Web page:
Art, Poetry, Music, and Nature for the New Year
Wednesday, February 10 2021
The Reverend Dr. Katie Snipes Lancaster
Blessed are those who trust in the Lord, whose trust is the Lord. They shall be like a tree planted by water, sending out its roots by the stream. It shall not fear when heat comes, and its leaves shall stay green; in the year of drought it is not anxious, and it does not cease to bear fruit. Jeremiah 17:7–8
A number of artists died of the coronavirus this past year, notably John Prine, who Rolling Stone called an artist who “wrote for working people, sad people, old people, and lost people,” which means all of us, really. His career began in the sixties, just thirty minutes west of Kenilworth Union where he was a mailman in Maywood, Illinois. He could write songs as he walked his route. And when Kris Kristofferson met him in the early seventies, he remembers thinking, “No way somebody this young can be writing so heavy…John Prine is so good, we may have to break his thumbs.” He was, as one of his obituaries suggested, an artist who “chronicled the human condition in song,” and with an earthy sound and emotional honesty, he read us like an open book.
In an interview Prine once said, “I think the more the listener can contribute to the song, the better; the more they become part of the song, and they fill in the blanks… Rather than tell them everything, you save your details for things that exist. Like what color the ashtray is. How far away the doorway was. So when you’re talking about intangible things, like emotions, the listener can fill in the blanks and you just draw the foundation. I still tend to believe that’s the way to tackle it today.”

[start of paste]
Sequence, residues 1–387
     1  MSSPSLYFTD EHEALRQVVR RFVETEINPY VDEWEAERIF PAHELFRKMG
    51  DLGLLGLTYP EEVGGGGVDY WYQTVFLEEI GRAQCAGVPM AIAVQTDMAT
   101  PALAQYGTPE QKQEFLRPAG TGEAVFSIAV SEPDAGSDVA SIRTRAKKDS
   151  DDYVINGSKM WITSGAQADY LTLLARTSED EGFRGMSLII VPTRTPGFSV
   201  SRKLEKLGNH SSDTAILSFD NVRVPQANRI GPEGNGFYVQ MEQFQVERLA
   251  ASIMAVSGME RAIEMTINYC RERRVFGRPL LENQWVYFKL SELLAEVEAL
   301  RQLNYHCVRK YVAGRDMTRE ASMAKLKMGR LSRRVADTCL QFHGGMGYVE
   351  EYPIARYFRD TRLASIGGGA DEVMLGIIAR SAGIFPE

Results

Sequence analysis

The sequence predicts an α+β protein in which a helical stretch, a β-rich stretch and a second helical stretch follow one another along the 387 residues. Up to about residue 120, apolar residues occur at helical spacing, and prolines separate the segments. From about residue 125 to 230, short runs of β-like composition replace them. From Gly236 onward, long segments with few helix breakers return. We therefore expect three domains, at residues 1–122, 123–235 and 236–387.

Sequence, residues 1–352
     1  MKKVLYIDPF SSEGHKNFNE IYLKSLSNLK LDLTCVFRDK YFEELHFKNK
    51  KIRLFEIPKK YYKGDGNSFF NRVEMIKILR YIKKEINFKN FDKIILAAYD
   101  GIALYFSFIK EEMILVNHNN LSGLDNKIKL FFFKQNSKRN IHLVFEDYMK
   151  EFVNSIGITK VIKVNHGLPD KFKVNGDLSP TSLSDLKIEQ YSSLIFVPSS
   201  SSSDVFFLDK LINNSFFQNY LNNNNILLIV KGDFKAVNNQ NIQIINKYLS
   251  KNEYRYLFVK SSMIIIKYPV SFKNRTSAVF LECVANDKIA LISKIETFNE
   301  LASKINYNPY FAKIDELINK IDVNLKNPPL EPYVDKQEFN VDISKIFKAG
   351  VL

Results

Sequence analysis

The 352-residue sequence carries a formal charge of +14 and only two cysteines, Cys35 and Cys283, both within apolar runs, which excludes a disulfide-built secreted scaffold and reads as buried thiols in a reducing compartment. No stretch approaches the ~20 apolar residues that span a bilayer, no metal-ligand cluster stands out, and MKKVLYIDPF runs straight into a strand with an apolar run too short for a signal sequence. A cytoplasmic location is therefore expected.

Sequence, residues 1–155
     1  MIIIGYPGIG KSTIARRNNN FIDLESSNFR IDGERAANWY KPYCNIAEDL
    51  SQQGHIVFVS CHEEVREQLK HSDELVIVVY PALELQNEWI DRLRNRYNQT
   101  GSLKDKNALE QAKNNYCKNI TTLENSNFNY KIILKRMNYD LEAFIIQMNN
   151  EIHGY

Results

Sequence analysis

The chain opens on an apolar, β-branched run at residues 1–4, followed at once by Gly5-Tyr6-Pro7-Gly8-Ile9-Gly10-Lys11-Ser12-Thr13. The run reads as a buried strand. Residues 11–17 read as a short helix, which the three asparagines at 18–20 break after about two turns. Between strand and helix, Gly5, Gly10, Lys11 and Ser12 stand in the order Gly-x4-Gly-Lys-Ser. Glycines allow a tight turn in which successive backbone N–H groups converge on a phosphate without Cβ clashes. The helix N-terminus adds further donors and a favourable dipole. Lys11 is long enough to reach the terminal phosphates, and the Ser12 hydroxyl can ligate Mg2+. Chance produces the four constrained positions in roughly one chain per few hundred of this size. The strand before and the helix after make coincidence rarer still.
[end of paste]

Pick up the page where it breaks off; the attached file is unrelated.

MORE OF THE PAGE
In that way, the poetry of his music was thick with images from real life, not overselling the way “things got rough,” just letting us fill in what it has meant for us that “things got harder than hard.”
When things are rough and tough, harder than hard, O Divine One, draw so inexpressibly near to the human condition that we can hear your sacred melody in our bones. Become our song, our light, our foundation. Amen.
Crooked Piece of Time, by John Prine
Things got rough
Things got tough
Things got harder than hard
We were just trying to make a livin’
In our back yard
We were born too late died to soon
Anxiety’s a terrible crime
If you don’t come now don’t come at all
‘Cause it’s a crooked piece of time.
It’s a crooked piece of time that we live in
A crooked piece of time
All in all and all in all
It’s a crooked piece of time.
Yesterday morning an ill wind came
Blew your picture
Right out of the picture frame
Even blew the candle out
From underneath the flame
Yesterday morning an ill wind came.